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The impact of reduced worktime on sleep and perceived stress – a group randomized intervention study using diary data
Stockholm University, Faculty of Social Sciences, Stress Research Institute.
Stockholm University, Faculty of Social Sciences, Stress Research Institute. Karolinska institutet, Sweden.
Stockholm University, Faculty of Social Sciences, Centre for Health Equity Studies (CHESS). Stockholm University, Faculty of Social Sciences, Stress Research Institute.
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2017 (English)In: Scandinavian Journal of Work, Environment and Health, ISSN 0355-3140, E-ISSN 1795-990X, Vol. 43, no 2, 109-116 p.Article in journal (Refereed) Published
Abstract [en]

Objective Insufficient time for recovery between workdays may cause fatigue and disturbed sleep. This study evaluated the impact of an intervention that reduced weekly working hours by 25% on sleep, sleepiness and perceived stress for employees within the public sector.

Method Participating workplaces (N=33) were randomized into intervention and control groups. Participants (N=580, 76% women) worked full-time at baseline. The intervention group (N=354) reduced worktime to 75% with preserved salary during 18 months. Data were collected at baseline and after 9 and 18 months follow-up. Sleep quality, sleep duration, sleepiness, perceived stress,and worries and stress at bedtime were measured with diary during one week per data collection.

Result A multilevel mixed model showed that compared with the control group, at the 18-month follow-up, the intervention group had improved sleep quality and sleep duration (+23 minutes) and displayed reduced levels of sleepiness, perceived stress, and worries and stress at bedtime on workdays (P<0.002). The same effects were shown for days off (P<0.006), except for sleep length. Effect sizes were small (Cohen’s f2<0.08). Adding gender, age, having children living at home, and baseline values of sleep quality and worries and stress at bedtime as additional between-group factors did not influence the results.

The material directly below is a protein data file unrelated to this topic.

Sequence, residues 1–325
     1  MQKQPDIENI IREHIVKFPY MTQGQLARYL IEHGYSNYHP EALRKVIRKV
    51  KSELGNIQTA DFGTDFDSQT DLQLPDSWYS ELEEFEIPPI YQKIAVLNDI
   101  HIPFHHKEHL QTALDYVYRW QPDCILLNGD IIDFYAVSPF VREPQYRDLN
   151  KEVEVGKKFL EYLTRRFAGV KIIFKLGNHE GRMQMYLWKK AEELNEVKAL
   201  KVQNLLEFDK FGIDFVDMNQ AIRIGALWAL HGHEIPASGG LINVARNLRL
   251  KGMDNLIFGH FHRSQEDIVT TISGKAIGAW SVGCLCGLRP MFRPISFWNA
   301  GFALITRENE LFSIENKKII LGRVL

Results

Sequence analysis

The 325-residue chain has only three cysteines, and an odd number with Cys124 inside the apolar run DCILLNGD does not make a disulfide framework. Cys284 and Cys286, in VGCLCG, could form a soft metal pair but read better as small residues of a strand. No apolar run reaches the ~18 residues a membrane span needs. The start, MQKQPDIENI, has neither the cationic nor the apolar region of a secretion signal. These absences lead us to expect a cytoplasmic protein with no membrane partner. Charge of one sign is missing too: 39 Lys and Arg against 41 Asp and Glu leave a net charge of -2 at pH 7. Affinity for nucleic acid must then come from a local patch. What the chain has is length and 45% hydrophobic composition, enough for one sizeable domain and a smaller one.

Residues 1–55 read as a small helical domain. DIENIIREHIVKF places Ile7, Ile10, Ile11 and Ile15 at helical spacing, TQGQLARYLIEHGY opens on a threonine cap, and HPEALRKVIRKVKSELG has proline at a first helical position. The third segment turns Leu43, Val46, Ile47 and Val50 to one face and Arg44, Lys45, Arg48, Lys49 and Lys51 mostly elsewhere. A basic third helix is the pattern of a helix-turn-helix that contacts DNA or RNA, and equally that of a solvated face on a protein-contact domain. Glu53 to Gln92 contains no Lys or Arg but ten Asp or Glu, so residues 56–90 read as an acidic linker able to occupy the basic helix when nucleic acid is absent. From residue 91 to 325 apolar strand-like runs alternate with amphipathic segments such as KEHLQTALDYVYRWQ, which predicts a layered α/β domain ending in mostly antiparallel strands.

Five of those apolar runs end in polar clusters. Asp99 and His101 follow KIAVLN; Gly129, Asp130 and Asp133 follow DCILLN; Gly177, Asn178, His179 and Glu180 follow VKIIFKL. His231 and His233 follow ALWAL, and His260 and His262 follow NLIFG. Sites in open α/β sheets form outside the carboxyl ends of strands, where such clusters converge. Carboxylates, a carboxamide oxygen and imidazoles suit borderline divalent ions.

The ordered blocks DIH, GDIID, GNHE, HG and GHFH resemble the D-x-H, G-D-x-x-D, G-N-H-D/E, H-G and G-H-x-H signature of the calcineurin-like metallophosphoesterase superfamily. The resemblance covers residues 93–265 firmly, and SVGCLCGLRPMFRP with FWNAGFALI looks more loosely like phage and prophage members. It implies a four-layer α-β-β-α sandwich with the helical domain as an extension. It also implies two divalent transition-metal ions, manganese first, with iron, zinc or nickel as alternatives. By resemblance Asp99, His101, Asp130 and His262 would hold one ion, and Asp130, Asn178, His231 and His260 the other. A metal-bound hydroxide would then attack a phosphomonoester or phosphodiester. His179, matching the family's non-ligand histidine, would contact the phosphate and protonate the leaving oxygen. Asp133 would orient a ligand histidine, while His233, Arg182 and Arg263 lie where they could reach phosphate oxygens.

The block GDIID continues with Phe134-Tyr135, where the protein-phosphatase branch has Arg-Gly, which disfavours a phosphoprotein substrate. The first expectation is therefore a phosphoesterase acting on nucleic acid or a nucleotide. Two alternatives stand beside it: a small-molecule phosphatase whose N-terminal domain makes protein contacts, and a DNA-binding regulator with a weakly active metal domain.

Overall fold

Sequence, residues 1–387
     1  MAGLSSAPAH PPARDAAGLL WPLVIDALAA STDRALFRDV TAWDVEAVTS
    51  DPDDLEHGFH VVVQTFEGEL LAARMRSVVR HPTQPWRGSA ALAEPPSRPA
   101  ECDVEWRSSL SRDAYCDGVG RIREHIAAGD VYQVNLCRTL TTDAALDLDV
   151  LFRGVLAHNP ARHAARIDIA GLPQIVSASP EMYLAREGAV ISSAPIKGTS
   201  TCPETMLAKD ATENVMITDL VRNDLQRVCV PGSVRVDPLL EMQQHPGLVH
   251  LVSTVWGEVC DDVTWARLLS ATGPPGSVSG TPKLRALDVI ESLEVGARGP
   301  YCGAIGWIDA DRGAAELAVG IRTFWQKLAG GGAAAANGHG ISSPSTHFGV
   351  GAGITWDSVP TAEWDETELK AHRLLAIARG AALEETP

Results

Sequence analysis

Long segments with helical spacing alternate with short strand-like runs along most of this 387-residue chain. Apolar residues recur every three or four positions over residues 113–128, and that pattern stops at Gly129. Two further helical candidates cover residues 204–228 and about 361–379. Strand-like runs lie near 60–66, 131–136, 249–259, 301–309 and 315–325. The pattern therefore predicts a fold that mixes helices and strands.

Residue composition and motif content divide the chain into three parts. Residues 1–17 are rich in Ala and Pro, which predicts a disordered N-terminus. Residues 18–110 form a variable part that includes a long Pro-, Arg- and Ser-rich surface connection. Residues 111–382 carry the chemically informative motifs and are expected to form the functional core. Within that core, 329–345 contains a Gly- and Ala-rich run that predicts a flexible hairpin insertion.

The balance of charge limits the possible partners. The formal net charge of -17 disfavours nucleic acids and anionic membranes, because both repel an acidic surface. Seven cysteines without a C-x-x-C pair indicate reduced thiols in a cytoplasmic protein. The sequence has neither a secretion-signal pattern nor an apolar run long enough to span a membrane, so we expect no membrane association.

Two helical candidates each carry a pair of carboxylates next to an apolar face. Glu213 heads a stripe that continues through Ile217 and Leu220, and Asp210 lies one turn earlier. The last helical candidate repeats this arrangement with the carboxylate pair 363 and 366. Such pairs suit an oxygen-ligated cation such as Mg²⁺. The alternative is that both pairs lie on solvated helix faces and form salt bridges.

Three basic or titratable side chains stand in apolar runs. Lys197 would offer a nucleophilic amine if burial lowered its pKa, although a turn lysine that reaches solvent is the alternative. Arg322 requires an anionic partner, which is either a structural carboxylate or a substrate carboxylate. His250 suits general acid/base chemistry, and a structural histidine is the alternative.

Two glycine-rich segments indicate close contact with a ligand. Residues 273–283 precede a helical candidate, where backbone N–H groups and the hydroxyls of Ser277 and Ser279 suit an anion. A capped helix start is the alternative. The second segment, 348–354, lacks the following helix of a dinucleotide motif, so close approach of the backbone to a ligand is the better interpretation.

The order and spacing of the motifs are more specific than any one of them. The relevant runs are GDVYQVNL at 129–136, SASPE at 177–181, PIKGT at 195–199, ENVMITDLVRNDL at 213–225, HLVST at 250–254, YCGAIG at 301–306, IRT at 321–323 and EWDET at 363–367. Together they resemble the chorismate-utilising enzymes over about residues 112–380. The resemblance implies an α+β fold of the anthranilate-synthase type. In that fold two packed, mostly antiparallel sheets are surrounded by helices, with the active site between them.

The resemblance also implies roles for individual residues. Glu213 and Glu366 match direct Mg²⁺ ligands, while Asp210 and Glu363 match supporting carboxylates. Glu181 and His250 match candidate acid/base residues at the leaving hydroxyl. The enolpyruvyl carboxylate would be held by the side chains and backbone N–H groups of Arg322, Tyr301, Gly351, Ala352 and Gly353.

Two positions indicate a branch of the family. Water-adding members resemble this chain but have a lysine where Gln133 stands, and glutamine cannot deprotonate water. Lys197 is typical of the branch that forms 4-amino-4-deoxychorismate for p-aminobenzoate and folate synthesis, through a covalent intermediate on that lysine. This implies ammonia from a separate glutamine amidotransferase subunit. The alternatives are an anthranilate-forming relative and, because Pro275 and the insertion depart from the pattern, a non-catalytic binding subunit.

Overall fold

Conclusion A 25% reduction of weekly work hours with retained salary resulted in beneficial effects on sleep, sleepiness and perceived stress both on workdays and days off. These effects were maintained over an 18-month period. This randomized intervention thus indicates that reduced worktime may improve recovery and perceived stress.

Place, publisher, year, edition, pages
2017. Vol. 43, no 2, 109-116 p.
Keyword [en]
gender, public sector, sleep duration, sleepiness, sleep quality
National Category
Public Health, Global Health, Social Medicine and Epidemiology
Identifiers
URN: urn:nbn:se:su:diva-136975DOI: 10.5271/sjweh.3610ISI: 000395849200003OAI: oai:DiVA.org:su-136975DiVA: diva2:1057940
Available from: 2016-12-19 Created: 2016-12-19 Last updated: 2017-05-03Bibliographically approved

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Schiller, HelenaLekander, MatsRajaleid, KristiinaÅkerstedt, TorbjörnKecklund, Göran
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